“We will be partnering with Atrium to advertise city events as we go forward,” Adkins told city and school officials last month. “Also, the clock tower, at the corner of Union and 122, we will have community events on that.”
Anita Scott Jones, hospital relations manager for Atrium Medical Center who at the time was on Middletown City Council, abstained from council’s 4-0 vote in December because she was employed by the health-care company. The city and hospital are cooperating with messages on the clock tower’s digital panels.
The clock-tower message boards are “consistent with the East End master plan,” Jones said. “They wanted to do something to beautify those corners.”
The cooperation came about when Atrium had to get approval from the city’s planning commission and somebody during one of those meetings suggested the signs could be a way to help promote events in the city, Jones said.
“Looking at the fact we were partnering with the city on a number of initiatives, it made sense to do a collaborative effort with that,” she said.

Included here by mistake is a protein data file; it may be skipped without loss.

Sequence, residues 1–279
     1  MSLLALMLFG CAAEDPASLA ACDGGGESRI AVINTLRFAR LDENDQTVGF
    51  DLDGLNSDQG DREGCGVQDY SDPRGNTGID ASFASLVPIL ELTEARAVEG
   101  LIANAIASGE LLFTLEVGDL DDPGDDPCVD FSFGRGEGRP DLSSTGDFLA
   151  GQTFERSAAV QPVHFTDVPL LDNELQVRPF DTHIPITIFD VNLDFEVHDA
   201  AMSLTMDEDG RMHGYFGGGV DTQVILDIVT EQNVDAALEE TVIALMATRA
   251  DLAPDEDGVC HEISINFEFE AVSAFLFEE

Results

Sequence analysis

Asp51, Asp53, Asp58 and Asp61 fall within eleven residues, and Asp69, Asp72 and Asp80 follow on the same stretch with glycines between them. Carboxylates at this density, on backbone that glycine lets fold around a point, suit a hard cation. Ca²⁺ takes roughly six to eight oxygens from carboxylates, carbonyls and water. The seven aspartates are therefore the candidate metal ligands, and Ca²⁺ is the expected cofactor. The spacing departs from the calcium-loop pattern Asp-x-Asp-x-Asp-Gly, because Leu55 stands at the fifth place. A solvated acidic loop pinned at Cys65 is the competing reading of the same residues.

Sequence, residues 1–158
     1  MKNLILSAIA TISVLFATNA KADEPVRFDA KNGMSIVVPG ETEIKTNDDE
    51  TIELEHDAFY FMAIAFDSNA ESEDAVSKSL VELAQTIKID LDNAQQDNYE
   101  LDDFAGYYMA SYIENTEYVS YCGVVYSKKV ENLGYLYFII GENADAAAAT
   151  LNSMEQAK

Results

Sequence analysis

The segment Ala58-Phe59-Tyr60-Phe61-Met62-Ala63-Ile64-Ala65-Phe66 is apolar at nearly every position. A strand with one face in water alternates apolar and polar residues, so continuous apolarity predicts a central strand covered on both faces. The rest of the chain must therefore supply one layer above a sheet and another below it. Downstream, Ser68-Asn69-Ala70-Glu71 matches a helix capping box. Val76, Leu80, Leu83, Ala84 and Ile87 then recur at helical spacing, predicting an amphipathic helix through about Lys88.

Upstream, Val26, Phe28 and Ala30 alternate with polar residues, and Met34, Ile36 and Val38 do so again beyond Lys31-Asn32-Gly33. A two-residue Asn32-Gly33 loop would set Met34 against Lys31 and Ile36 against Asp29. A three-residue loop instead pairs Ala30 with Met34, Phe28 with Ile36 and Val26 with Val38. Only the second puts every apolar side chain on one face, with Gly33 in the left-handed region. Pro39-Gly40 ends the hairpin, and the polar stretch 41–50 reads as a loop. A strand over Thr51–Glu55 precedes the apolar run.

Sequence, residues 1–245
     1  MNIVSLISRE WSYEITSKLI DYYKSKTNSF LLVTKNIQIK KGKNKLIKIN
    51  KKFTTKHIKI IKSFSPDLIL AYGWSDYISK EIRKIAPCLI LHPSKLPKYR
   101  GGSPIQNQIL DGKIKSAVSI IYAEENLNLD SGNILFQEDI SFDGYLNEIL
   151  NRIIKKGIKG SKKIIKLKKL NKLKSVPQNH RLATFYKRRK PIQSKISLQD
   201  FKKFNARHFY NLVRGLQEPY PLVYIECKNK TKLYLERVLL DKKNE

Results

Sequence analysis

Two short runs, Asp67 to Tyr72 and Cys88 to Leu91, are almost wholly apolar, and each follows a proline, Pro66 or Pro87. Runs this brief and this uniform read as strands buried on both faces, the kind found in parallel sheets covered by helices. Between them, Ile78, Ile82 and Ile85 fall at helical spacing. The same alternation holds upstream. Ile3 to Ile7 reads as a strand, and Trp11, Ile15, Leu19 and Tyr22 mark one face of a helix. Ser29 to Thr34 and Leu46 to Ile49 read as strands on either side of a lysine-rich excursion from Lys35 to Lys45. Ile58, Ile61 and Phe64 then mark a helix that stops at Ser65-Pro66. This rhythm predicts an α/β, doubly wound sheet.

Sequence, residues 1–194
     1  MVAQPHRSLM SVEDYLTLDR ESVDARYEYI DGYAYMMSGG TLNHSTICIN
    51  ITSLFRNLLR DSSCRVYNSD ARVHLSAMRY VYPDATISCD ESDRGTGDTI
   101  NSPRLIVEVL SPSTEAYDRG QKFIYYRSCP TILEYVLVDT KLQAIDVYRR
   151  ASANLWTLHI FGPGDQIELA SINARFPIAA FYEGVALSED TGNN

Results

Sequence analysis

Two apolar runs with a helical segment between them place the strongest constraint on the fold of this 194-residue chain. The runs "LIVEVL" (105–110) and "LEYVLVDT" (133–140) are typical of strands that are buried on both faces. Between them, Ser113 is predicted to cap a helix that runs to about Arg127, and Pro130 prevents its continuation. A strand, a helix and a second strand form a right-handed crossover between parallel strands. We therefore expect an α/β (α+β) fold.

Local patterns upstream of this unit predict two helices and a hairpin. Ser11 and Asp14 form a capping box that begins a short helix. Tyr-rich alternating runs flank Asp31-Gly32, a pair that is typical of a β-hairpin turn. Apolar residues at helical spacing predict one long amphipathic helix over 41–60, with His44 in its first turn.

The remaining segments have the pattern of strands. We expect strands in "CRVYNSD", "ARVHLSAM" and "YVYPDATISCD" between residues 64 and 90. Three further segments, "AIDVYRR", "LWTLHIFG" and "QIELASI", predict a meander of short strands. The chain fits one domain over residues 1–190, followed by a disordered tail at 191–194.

Robert Knight of Hamilton recently suggested that city government should put up billboards along I-75 advertising the great taste of its award-winning water, and sell it at stores along the interstate: “It may do a lot for Hamilton,” he said.
Adkins in December wrote council that the city can “use 5 percent of the billboard timing (about one hour per day) to place municipal advertising on the refurbished electronic billboard.” Adkins wrote. “The city advertising could be general advertising to visit the mall or downtown or the city in general, but would also be used to advertise upcoming events in Middletown that would be a regional draw such as Balloonfest or the Color Run, etc.”
Staff writer Ed Richter contributed to this report.